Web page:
Book talk: An uncomfortably familiar Gilead portrayed in Margaret Atwood’s The Testaments

21 November 2019

By Alanna Warwick-Smith

“The Testaments” was one of the most anticipated book releases of 2019. The long-awaited sequel to the 1985 cultural phenomenon, “The Handmaid’s Tale,” arrived 34 years later to a new world paradigm, one that feels alarmingly similar to the world of Gilead — first born in the novel and now often referred to in academic conversation as prophetic.

Margaret Atwood and “The Handmaid’s Tale” are sacred ground in the literary world and the November 2018 announcement of a sequel prompted a lifetime of unanswered questions: What was happening in Gilead? What lessons would we learn from the sequel to the book that warned us of a 21st-century totalitarian world? Would we be given the tools to reverse the modern-day injustices being faced by this generation?

There is an obvious change in pace and tone between books that should be expected, noting the decades-long pause between novels. However, readers should approach “The Testaments” with no comparison to her older sister. “The Testaments” is just that — the little sister to “The Handmaid’s Tale.”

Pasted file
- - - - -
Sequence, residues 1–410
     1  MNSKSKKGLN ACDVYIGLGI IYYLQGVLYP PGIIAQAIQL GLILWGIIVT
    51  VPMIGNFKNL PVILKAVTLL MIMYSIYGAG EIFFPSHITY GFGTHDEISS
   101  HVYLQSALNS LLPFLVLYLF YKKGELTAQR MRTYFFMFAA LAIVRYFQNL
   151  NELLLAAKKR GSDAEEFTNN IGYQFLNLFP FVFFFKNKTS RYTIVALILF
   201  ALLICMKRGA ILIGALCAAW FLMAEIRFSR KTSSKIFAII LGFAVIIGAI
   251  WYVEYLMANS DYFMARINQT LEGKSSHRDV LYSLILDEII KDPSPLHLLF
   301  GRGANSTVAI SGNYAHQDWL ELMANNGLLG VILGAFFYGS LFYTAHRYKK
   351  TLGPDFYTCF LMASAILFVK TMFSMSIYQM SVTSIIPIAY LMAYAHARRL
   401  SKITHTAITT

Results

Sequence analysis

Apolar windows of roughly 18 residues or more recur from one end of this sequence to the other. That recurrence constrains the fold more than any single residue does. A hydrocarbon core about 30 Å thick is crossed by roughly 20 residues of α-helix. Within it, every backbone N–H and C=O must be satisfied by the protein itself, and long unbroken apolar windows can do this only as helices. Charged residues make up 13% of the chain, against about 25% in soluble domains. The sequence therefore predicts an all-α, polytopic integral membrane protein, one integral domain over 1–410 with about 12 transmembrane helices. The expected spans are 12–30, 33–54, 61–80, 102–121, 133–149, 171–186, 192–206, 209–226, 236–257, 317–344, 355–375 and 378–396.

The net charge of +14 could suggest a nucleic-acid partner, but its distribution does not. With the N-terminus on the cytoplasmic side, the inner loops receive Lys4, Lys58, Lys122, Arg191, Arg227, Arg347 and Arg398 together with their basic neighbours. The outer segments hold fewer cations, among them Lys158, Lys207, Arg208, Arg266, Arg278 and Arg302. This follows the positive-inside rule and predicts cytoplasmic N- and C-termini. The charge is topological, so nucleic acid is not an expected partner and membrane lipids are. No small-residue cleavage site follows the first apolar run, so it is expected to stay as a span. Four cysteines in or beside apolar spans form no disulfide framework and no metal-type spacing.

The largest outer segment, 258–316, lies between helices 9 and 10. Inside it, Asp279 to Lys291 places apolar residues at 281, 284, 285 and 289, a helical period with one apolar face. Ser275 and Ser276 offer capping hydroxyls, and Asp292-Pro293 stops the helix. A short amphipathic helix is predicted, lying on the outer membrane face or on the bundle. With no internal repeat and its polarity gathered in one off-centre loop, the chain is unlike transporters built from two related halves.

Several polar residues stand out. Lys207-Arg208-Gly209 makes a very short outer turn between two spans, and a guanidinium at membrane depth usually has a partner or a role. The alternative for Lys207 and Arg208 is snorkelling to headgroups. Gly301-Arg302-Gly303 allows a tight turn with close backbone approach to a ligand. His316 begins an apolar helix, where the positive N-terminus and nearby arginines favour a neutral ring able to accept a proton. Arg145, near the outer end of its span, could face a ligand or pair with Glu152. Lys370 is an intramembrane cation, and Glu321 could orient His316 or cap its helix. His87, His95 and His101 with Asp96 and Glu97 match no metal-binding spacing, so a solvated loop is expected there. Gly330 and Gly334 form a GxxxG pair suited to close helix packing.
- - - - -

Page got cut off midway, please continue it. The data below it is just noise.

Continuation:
Gilead is no longer surprising. It’s more uncomfortably familiar. Gilead has changed little, the only difference being that for all but one of the women who have lived in this world, Gilead is all they have ever known.

Atwood has introduced two teenage narrators into the world of Gilead, alongside a multi-dimensional Aunt Lydia. The reader is no longer being told about Gilead, but instead seeing it as it weaves into the teen girls’ everyday lives. The decision to juxtapose these experiences with those of Aunt Lydia, the only voice that remembers a life before Gilead, is jarring. Aunt Lydia is not Offred, the protagonist of  “The Handmaid’s Tale.” She remembers the previous world as it was, not through rose-coloured glasses. Because of this you are left as the reader wondering not only what is truly right, but also where Gilead goes from here.

The women of “The Testaments” are not passive and this novel stands out because of them.

These women are your daughters, sisters, cousins and friends. This novel is purpose driven, a feminist manifesto for a 21st century woman living in a modern-day Gilead.

“The Testaments” is available in print and online and can be purchased at Books & Books in the Camana Bay Town Centre.

This article originally appeared in the November 2019 print edition of Camana Bay Times with the headline “An uncomfortably familiar Gilead”.